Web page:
Whether you’re out for a 45 minute workout or taking a leisurely stroll, there is much to see at the Glen. You’ll find 100′ tall white pines, a series of rustic wood benches for resting or observation, giant hemlocks, a waterfall and its glen, and a diversity of habitats.
Stevens Glen Trail: 1.2 miles roundtrip, 1 hour, moderate
Special features: 19th century tourist attraction, reborn for the 21st century including a waterfall through romantic rock cleft, stream to dabble feet on hot day, a viewing platform with bench for reflection. Deep hemlock forest also awaits.
From Lenox: Take Route 183 South, passing Tanglewood. When the 183 bears left, take a right onto Lenox-Richmond Road. Drive up the hill 1.6 miles and turn left on to Lenox Branch Road or also called Lenox-West Stockbridge Road. Go .06 miles and the lot will be on the right at the sign. Overflow parking is further down.
From Pittsfield: Take Route 20 West and turn left on Lenox Road. Then turn right on to Lenox Branch Road or also called Lenox-West Stockbridge Road. Go .06 miles and the lot will be on the right at the sign. Overflow parking is further down.
GPS: 42.3505, -73.3484 (Trailhead parking)
Hike through stands of hemlock with groves of young mixed hardwoods, white pine, and red oak, as well as two footbridges. The spur to the Glen is marked with a sign. Continue on a fairly steep climb through mature birch to the Glen. There are metal steps that descend to a platform that looks out over the ravine.
Stevens Glen enjoys a remarkable history. The Stevens family settled here in 1760 and worked to clear the land for farming. Coaching parties crowded to the mountain summit through the late 1800s and early 1900s, their carriages discharging hundreds of passengers for an evening of dancing on a pavilion near the ravine. It’s hard to envision 900 people up on this ridge dancing away, and even harder to imagine how the women in the late 1800s made it to the ravine in their tiny heeled boots, petticoats, and long dresses. In 1924 the landscape changed dramatically when all the mature trees were cut to control chestnut blight. Now the forest has regenerated. Clearly Stevens Glen has been part of our changing ecological and social history, and thanks to the donation of the Glen property to BNRC by brothers Millard and Frederic Pryor in 1995, it is once again open to the public under the terms of a conservation restriction jointly owned by BNRC and the Richmond Land Trust.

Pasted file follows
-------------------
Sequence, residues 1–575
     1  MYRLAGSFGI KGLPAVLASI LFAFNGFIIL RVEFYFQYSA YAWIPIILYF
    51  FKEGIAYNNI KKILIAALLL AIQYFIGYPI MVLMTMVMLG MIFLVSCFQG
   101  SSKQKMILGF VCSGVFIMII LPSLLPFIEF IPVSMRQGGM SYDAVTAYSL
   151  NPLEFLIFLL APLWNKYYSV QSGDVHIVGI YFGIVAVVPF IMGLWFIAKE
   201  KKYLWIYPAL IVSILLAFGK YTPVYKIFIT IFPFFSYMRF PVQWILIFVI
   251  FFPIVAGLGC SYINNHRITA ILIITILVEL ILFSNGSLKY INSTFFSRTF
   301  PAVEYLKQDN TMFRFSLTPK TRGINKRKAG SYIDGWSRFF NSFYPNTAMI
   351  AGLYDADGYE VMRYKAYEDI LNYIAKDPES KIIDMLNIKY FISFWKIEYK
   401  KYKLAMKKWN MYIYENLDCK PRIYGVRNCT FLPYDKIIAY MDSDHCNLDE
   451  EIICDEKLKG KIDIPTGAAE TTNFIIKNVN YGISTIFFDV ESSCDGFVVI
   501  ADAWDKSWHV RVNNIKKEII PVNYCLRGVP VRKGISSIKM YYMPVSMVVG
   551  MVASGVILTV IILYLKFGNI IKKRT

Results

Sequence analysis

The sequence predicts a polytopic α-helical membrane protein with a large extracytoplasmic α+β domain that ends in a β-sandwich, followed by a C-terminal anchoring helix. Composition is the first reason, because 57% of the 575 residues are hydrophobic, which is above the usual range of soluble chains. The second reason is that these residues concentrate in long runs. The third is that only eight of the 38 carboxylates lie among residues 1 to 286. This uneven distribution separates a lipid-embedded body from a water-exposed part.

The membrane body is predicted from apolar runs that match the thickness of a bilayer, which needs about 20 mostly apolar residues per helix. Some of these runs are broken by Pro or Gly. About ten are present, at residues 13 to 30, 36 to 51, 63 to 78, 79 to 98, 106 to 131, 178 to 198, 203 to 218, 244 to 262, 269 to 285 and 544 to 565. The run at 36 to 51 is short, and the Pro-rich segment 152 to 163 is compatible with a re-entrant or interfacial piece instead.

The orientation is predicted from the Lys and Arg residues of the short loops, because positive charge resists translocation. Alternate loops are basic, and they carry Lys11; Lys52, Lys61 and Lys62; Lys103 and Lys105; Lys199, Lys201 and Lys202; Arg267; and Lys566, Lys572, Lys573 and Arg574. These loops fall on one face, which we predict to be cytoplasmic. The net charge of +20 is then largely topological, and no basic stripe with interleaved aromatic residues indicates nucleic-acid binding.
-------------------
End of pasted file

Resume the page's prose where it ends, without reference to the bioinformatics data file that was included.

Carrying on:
Go when the light is filtering through the tall pines and hemlocks or go when their boughs are laden with snow. Here are glades that are deep with big trees. At any time of year Stevens Glen is a magical place, shifting light and space through a filter of greenery, and trading off light and dark as you make your way along the clearly marked trail. Stop a minute any place here and let your senses breathe in the quiet.
Since 1998, Stevens Glen has offered visitors access on carefully designed trails. Bridges over Cone Brook and Lenox Mountain Brook allow for easy crossings; a series of steeper stone steps there is a sturdy bench upon which to rest; the trail is laid out to visit the most scenic interior views, and the dramatic ravine is safely penetrated by stepping down to a railed platform. Here the Glen itself is a jagged cleft of gray-green rock that rushes Lenox Mountain Brook through crags and slides to the level landscape below. One has to admire the tenacity of trees growing straight out of the sides of the ravine and the lone birch that clings tightly to its fragile base.
Stevens Glen fully deserves our description of it as a “hidden gem,” and many visitors have told us it is “a perfect little hike.”
A 1.4 mile roundtrip will take you over several bridges on the way to a platform with a great view of roaring Lenox Mountain Brook, cascading through the tight confines of dramatic Stevens Glen.
2. Hoosac Range
3. Basin Pond
4. Stevens Glen
6. Clam River
8. Bob’s Way
10. Housatonic Flats